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New SAFETY PIN Punk Magazine Launched

New SAFETY PIN Punk Magazine Launched

Safety PinA brand new punk fanzine/magazine called SAFETY PIN has just launched its first edition.

Complete with a 7” EP of classic 77 punk by Stunt Kites, the magazine is an excellent read throughout and edition one features interviews with Glitter Trash, Arturo Bassick, Cock Sparrer, P.A.I.N., Mau Maus, Cyanide Pills and more.

A selection from the interviews has very kindly been offered to Punk Online as a taster and you can read these below.

We strongly recommend you support this DIY venture and help get a brilliant idea up and running. Go to the website to get your copy >>


Glitter Trash (Jenna on impressions of Blackpool)

“There is a rumor that Gin flows from your spigots and public water fountains, is this true? It might explain all the fights I saw spilling out from the pubs into the streets when we visited last…just shows you cats have passion and dig drink. I dug your candid questions and openminded attitudes. Blackpool was a worn-out city, reminded me of a US roadside truck stop with greasy door handles and everything run down and broken plus hundreds of poorly maintained hotels filled with dysfunctional families on vacation. I can recall a man telling his wife and kids, almost like pointing out a tourist landmark, that ‘There’s a prostitute’ while I was walking from the Winter Gardens to my hotel room. I told them ‘Your pops still owe me 50 quid from the last go around’, which I didn’t even look back to see their response.”

“You guys also let the kids loose on the streets in August to run amok at all hours. Again, in Blackpool, I walked to that 24-hour McDonald’s to get some food at 3:30am after partying. When I was walking back to my hotel, some kids I figure to be around 9 or 10 years old came up behind me and asked if I was really from Detroit, which I had a ‘Detroit’ patch on my leather, and I said ‘yes’. Then the one kid says, ‘Are you in that festival?’ and I said, ‘Yeah, a band called Glitter Trash’ and I gave them some stickers and badges. Then one of the boys says, ‘Can I touch your baps?’ I said, ‘What the hell are baps?’ And the young girl with them said ‘He wants to touch your breasts’. I said, ‘Here is 10 quid…go back to McDonald’s and hang out and buy some food before you get in trouble,’ and the one kid says, ‘Can we have 20 quid’ so laughing I gave them the 10 quid and said ‘scram’ so they took the money and split…hilarious moment I’ll never forget.”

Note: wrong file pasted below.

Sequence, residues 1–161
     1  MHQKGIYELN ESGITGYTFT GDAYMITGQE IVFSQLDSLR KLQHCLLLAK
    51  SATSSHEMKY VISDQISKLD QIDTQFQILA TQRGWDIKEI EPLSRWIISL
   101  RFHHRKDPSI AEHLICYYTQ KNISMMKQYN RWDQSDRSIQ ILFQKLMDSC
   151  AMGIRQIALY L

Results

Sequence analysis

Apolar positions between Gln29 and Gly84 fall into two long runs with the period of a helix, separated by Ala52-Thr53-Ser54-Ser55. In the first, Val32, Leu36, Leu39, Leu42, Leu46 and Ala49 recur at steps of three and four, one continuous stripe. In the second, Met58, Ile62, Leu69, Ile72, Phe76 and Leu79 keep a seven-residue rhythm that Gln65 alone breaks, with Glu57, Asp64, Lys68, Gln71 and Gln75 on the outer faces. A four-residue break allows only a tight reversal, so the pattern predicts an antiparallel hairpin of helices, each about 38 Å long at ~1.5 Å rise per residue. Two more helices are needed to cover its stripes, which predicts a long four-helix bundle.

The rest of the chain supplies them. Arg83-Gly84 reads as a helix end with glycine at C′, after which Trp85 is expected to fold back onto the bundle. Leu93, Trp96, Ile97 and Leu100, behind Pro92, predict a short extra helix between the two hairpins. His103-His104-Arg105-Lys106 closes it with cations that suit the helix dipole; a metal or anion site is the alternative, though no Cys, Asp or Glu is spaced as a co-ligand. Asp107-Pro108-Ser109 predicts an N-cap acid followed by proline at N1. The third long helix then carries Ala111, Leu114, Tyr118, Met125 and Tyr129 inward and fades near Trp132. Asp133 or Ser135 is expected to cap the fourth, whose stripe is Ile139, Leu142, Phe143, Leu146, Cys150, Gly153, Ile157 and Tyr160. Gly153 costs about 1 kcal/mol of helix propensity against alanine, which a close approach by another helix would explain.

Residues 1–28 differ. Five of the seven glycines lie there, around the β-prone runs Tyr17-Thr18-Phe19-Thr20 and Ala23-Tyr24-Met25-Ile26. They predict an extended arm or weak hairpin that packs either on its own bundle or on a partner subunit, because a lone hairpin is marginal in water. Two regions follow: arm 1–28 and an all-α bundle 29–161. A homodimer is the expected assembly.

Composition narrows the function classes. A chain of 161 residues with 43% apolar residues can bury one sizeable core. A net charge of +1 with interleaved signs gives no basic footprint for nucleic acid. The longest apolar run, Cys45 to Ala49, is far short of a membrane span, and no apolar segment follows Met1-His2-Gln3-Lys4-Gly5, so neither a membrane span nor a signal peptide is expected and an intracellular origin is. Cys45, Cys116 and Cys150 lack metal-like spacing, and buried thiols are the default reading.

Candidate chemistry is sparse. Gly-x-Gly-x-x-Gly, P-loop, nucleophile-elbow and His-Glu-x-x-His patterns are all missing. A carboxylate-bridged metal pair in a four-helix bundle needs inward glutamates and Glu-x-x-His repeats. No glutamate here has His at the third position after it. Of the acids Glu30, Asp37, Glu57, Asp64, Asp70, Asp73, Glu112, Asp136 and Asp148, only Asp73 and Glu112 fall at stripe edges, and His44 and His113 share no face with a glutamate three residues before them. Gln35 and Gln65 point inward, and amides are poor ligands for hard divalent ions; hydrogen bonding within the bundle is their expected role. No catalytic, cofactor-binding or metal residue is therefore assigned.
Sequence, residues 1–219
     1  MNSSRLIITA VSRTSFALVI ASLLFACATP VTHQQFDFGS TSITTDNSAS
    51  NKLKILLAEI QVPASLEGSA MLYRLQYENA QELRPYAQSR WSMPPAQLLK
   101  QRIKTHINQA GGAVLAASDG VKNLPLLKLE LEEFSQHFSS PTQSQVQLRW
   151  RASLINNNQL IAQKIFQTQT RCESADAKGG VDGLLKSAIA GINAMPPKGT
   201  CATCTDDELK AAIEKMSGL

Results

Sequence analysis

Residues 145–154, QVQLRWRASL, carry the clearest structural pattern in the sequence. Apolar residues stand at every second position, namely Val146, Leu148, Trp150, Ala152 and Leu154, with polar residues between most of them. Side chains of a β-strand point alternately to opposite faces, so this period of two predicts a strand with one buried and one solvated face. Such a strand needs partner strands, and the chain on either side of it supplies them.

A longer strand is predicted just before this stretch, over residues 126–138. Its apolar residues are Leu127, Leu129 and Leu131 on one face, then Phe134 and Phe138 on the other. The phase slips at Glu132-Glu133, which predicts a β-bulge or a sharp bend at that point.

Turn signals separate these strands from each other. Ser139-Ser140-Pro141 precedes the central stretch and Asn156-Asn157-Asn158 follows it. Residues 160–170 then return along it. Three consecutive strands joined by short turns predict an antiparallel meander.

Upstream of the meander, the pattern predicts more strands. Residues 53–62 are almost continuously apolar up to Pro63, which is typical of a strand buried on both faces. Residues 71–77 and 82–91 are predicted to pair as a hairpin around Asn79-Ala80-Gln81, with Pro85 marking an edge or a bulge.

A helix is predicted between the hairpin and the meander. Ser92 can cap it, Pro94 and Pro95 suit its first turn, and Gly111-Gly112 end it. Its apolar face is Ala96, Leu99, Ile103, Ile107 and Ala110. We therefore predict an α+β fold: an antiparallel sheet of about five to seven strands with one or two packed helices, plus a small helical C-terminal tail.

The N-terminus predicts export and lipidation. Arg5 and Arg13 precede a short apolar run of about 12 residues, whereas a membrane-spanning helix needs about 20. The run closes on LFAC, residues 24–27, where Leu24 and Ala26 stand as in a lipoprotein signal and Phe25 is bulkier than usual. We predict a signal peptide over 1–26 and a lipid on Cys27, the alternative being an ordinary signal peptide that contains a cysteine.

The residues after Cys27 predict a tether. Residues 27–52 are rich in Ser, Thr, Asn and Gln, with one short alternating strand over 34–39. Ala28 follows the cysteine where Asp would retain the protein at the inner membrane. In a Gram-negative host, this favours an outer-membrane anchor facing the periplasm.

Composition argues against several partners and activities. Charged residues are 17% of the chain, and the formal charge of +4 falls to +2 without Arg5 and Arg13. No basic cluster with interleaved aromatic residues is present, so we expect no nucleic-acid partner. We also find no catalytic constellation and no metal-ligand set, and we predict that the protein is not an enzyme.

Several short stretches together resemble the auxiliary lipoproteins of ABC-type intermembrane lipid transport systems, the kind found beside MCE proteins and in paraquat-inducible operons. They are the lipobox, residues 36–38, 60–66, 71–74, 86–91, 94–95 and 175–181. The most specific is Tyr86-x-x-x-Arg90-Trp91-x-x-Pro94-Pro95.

Cock Sparrer

Your style of punk was something of a trouble magnet back in the day. How badly did you suffer from that?

“We had our fair share of busted up gigs back in the day, some more violent than others. It wasn’t always a political thing. Sometimes it was just the locals objecting to this bunch of London punks coming to their town and giving it large. We spent many an evening getting stitched up in the local A&E after a lively gig in Lowestoft or Telford or somewhere. It got to a stage where we thought someone was going to get properly hurt. You could have a row and get away with it but go back six months later to play again and the local mob is now twice as many as before. And that’s not because you’ve suddenly become more popular. It was because this time they wanted to make sure you got a proper kicking. I remember after one particular gig where Steve had a shotgun pulled on him, we just looked at each other and decided to re-evaluate the situation.”

Arturo Bassick

“My one regret,” he says, “was that I didn’t play on the first Lurkers album.”

So why did you leave?

“To tell you the truth they put booze before anything else. So, we’d book a four hour rehearsal and spend three and a half hours in the pub. It was true punk spirit if you want to talk like that – ‘Oh fuck it, who cares, it’s just a row anyway’. But all the people around us were taking it seriously and they’re the ones who made money out of it. They wanted to ‘make it’. The Lurkers didn’t give a fuck about making it as long as they could have a drink. And I was writing a lot of different songs to what they were doing… I was a bit of an angry young man really, they were lads who didn’t give a fuck. I wrote Mass Media Believer (B side of Freak Show), that was the direction I was going in. They were more, story songs about girls and oddballs.”


Read much more by ordering your copy of Safety Pin here>>